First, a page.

Certain antidepressant medications, known as selective serotonin reuptake inhibitors (SSRIs), have been shown to be beneficial to children and adolescents with severe depression.

Medication once started should not be stopped suddenly. Medication may be needed for months or even years. Some people may, under medical supervision, be able to stop their medication when they have recovered and have felt well for a while.

They may need physical examinations and tests (like blood tests) before starting the treatment, or while on medication. It is important that if the young person is prescribed medication that they are seen regularly by their doctor or psychiatrist.

There are side-effects to medication, some of which can be quite serious. The psychiatrist will be able to advise you about what they are and about what can be done to help. The risk of side-effects needs to be balanced against the risk of the damaging effects of the illness on a person's life.

No young person should be taking medication unless they are reviewed regularly by a health professional. This is to monitor the dose of the drug and to check for side-effects.

Recognising and understanding your child’s illness is a huge step in knowing how you can help. When your child becomes irritable or even does something risky, it is common you feel angry or upset. It is important that you try to remain calm and be honest about letting them know what you feel and seek help.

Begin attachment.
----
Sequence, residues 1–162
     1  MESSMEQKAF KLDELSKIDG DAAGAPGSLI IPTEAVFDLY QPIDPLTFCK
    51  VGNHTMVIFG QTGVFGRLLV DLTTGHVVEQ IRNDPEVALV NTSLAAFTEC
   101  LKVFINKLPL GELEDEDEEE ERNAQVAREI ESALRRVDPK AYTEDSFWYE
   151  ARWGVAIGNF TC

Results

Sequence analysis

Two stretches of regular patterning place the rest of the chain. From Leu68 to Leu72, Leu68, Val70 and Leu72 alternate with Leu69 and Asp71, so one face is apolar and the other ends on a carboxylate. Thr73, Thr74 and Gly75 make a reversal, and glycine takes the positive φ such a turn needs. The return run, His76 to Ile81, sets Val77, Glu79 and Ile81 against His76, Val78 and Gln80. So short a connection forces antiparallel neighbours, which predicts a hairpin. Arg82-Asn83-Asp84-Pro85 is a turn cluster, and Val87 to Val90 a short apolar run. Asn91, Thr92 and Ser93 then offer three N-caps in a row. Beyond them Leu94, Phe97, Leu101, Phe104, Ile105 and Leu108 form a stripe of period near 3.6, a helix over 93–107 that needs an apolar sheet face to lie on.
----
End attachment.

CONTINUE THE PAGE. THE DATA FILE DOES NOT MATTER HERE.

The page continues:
Some children may be reluctant to talk to you about it, although they might do talk to someone at school, friends or their GP or a professional for young people at health centre or CAMHS. It is important to encourage them to talk to someone they can trust, as well as seeking professional help.

Having little chats, spending time with them like watching TV, cooking and even physical activities like walking can help to lift their mood even if they say they do not want to do it. A healthy diet and physical exercise can help improve their mood. (add link or see leaflet on exercise and mental health)

Millie was 15 when she started staying up late at night, not sleeping, eating a lot and spending most of the time in her room. We thought this was because the demands from school had increased. We didn’t even really notice that she wasn’t meeting up her friends or talking to us like usual. We took her to see the doctor because we thought she was a bit down and pale. The doctor was concerned and asked her questions which opened our eyes.